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It’s amazing how quickly times change, and it’s really easy to forget how much has changed over the last 50 years or so, especially when it comes to women’s issues.
As the saying goes, well-behaved women rarely make history, and looking through the pictures below, it’s hard to argue against that statement.
Take a look back at some of these images of women from yesteryear, who are taking a stand against the system in various different ways. Although they seem commonplace now, a lot of this was considered radical at the time!
1. “Do those legs go all the way up?”
This is a picture of two young women walking down the street in Cape Town, South Africa, in 1965. What’s so remarkable about this image? Well, these two would have been among the first in the city to ever wear miniskirts. Just look at the queue of people at the bus stop gawping at them! You can tell they’d never seen this much leg in public before.
This striking lady is Maud Wagner, who is widely regarded as the first ever female tattooist. This picture was taken in 1907. As you can see, Maud herself was also covered from head to toe in tattoos – this was unheard of at the time, especially for a woman. Go Maud!
3. Run like a girl
As you might be able to tell, this is a photograph taken from the Boston marathon. The contention is that, when this picture was taken in 1967, women were not allowed to run in this race, for whatever reason. Amazingly, it wasn’t until 5 years after this that women were allowed to compete. I guess the boys were scared of the competition!
4. A righteous cause
This one is pretty self-explanatory. The fact that women wanted an equal say in the way that they were governed was seen as a radical position until as recently as the 1960s. This picture was taken in 1906. We’ve come a long way, girls, and we’re still soproud of you.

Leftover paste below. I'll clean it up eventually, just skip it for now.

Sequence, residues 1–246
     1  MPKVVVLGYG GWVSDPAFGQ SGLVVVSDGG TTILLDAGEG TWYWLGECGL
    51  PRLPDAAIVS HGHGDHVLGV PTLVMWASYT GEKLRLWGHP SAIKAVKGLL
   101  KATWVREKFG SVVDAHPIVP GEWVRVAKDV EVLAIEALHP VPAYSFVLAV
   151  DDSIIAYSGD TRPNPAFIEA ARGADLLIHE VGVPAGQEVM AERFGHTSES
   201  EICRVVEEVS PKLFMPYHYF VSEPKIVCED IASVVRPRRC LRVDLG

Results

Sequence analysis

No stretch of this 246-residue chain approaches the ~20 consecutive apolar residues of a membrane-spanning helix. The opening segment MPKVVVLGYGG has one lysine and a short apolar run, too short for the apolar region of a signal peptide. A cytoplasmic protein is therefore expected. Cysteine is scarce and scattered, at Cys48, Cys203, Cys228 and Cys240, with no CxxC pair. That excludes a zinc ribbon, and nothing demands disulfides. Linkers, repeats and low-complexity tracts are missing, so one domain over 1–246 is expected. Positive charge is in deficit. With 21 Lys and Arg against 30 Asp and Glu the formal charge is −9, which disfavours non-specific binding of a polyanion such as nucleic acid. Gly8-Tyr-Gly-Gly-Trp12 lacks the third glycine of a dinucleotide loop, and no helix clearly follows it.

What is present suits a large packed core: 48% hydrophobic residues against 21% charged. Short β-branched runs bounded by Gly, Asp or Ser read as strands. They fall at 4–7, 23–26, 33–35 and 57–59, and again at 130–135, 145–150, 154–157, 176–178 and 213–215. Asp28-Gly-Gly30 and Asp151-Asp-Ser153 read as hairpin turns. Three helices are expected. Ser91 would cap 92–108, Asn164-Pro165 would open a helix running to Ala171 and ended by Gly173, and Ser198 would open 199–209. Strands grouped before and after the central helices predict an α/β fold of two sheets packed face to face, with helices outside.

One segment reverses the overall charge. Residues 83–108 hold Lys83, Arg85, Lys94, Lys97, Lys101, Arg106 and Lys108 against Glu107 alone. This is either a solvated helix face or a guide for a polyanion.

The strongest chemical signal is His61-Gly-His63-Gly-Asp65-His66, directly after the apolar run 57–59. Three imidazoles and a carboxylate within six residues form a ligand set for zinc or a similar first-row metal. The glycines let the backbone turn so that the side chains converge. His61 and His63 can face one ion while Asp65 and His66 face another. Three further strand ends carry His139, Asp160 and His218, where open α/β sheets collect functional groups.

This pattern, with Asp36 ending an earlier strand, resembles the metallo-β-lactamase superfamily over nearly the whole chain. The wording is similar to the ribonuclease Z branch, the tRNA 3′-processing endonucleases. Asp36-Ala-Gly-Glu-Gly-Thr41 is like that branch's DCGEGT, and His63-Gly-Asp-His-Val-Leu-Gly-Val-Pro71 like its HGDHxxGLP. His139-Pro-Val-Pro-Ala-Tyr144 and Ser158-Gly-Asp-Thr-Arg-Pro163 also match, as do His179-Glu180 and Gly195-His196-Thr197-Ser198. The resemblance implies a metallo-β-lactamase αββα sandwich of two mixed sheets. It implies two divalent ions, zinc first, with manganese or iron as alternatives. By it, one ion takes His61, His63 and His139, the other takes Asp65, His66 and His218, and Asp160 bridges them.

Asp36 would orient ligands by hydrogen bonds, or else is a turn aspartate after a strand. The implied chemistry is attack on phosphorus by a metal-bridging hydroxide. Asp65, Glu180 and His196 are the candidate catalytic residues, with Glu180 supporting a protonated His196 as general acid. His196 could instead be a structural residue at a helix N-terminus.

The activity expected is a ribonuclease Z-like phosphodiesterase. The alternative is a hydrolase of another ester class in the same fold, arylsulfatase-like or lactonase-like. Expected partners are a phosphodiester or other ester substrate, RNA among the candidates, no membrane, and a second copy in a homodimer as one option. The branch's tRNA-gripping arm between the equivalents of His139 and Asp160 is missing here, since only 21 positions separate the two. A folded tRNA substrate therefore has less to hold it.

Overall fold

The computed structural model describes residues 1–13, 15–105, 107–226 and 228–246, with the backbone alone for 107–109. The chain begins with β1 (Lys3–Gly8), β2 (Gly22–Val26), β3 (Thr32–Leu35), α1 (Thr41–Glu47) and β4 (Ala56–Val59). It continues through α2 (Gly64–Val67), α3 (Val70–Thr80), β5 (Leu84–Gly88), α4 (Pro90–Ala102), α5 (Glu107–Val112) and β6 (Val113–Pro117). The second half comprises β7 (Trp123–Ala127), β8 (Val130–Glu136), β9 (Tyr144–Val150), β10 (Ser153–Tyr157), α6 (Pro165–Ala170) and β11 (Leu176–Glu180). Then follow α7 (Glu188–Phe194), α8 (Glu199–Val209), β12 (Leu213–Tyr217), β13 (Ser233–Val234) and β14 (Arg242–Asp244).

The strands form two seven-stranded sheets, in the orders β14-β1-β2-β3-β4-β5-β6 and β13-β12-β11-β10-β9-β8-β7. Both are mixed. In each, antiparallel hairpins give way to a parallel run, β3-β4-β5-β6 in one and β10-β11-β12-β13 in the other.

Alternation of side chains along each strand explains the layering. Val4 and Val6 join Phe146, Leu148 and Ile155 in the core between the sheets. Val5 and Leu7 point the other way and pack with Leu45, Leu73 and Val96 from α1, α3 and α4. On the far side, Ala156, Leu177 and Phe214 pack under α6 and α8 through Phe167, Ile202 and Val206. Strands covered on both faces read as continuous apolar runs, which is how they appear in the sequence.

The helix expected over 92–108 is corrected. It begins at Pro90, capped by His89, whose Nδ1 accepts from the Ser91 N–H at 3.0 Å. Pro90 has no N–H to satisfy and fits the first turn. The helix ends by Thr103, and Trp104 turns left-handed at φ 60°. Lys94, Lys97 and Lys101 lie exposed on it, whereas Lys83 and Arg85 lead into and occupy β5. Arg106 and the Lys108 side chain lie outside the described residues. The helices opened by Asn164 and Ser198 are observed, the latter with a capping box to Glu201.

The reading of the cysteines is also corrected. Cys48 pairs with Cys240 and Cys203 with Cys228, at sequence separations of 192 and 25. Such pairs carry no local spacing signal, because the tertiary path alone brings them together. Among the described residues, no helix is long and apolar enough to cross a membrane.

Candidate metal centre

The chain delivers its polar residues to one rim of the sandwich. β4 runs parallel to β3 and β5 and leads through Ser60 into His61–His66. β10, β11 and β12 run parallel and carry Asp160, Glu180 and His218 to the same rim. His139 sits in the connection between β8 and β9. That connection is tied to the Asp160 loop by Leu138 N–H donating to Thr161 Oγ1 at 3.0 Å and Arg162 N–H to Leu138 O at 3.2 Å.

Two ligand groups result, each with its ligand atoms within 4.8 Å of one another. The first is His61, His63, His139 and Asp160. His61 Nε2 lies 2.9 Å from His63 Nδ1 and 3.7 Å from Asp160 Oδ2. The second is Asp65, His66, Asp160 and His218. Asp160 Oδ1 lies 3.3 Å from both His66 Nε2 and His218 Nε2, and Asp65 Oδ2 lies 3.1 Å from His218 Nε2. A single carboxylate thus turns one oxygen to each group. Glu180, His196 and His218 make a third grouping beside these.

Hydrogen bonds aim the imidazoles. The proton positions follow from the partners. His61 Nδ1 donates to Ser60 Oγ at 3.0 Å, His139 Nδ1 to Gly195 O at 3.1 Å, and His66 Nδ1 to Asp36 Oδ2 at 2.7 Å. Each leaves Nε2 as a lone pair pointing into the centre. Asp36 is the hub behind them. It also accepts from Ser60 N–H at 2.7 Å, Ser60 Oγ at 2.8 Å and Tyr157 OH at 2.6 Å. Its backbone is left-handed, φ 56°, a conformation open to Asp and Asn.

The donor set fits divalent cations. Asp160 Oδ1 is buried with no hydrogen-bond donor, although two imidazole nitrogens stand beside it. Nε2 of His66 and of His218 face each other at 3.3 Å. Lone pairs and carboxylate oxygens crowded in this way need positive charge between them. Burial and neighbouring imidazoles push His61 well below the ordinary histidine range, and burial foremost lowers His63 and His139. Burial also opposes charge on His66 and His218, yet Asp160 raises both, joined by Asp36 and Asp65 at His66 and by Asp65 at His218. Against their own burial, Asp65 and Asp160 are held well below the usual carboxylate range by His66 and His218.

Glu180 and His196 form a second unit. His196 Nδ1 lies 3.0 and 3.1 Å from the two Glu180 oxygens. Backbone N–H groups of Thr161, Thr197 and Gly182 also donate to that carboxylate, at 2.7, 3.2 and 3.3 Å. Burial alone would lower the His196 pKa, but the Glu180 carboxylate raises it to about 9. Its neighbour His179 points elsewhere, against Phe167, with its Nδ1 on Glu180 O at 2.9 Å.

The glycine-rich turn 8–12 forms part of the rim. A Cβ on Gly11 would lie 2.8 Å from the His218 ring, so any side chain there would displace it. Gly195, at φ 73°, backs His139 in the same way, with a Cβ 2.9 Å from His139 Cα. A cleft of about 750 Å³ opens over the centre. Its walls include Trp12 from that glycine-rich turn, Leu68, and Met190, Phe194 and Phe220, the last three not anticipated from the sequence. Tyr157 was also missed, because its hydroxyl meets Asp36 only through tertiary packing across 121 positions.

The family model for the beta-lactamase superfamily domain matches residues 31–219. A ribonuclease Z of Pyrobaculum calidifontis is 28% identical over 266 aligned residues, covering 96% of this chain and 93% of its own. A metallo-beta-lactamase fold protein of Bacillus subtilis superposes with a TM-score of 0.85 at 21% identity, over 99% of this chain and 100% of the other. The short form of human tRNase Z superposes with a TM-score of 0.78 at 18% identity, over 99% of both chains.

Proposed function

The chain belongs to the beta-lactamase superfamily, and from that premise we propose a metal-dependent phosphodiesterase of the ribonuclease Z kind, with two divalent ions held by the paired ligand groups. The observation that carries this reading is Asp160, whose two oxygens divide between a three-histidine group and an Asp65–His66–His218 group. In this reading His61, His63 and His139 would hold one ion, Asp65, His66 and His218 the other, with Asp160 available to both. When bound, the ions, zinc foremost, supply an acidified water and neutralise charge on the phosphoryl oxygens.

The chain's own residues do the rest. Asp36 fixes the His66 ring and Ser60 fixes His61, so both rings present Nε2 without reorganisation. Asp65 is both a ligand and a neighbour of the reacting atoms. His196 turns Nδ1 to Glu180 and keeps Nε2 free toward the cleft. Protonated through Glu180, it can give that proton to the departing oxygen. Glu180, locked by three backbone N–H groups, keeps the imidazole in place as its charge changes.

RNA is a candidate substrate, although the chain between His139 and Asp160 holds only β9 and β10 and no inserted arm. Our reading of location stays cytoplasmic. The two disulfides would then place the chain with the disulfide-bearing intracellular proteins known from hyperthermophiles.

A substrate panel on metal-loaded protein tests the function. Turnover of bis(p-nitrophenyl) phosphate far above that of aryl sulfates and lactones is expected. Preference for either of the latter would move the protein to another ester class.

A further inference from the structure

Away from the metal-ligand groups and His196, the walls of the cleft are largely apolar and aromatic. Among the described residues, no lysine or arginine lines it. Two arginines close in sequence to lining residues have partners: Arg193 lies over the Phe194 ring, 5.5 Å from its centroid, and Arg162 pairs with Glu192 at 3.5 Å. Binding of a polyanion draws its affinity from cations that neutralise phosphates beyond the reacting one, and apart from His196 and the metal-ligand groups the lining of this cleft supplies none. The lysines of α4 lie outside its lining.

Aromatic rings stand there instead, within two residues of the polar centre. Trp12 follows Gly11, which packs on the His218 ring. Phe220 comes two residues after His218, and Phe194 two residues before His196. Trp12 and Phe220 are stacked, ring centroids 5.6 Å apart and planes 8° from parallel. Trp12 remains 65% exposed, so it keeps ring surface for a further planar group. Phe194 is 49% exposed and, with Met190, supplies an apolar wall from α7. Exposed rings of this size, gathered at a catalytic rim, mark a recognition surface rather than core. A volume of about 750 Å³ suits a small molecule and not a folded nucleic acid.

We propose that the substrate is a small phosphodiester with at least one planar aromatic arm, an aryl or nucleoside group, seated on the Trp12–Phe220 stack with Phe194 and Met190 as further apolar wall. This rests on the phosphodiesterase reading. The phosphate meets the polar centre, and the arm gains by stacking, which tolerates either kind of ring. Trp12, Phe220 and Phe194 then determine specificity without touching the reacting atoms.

5. A victim of moral panic
The woman in this picture is Annette Kellerman, a professional swimmer, film actress, and writer, who poses here in a swimsuit.
Amazingly, this photo shoot caused her to be arrested and charged with indecent behaviour in 1907. It’s literally the most modest and conservative swimsuit I can imagine.
6. Striving for a better future
The woman at the centre of this photo is Elizabeth Eckford. She was one of the first group of African-Americans who turned up to take mixed-race classes at school, after the US Supreme Court ruled that it was illegal and unconstitutional to segregate pupils based on race.
As you can see from others in the photograph, she received a lot of abuse from cruel onlookers. It’s almost impossible to imagine what these brave people went through when attitudes around race were still this bad.
7. Serving up some equality
This is Billie Jean King, a professional tennis player who held the record for most wins at Wimbledon, and after her playing career came to an end, she stayed involved with tennis, and is seen as the founder of the equality movement between players in the men’s game and the women’s game. As you can imagine, she had more than a few critics.
8. Zooming past the boys
This is Italian Maria Teresa de Filippis, a female racing driver, which was almost unheard of at the time. She had a successful career, and was the first female driver to compete in Formula One.
9. Squad goals
This is Senda Berenson, the founder of women’s basketball, and her team. She also ended up modifying the rules to men’s basketball, which were set in place in 1891. A real trailblazer in the world of sport.
10. Beauty and brains
This is Heddy Lamar, an American film actress and inventor. As you can see, she was incredibly beautiful, but also surpassed everyone’s expectations by being one of the finest scientific minds of the time. It’s thanks to her that we now have cellular communication.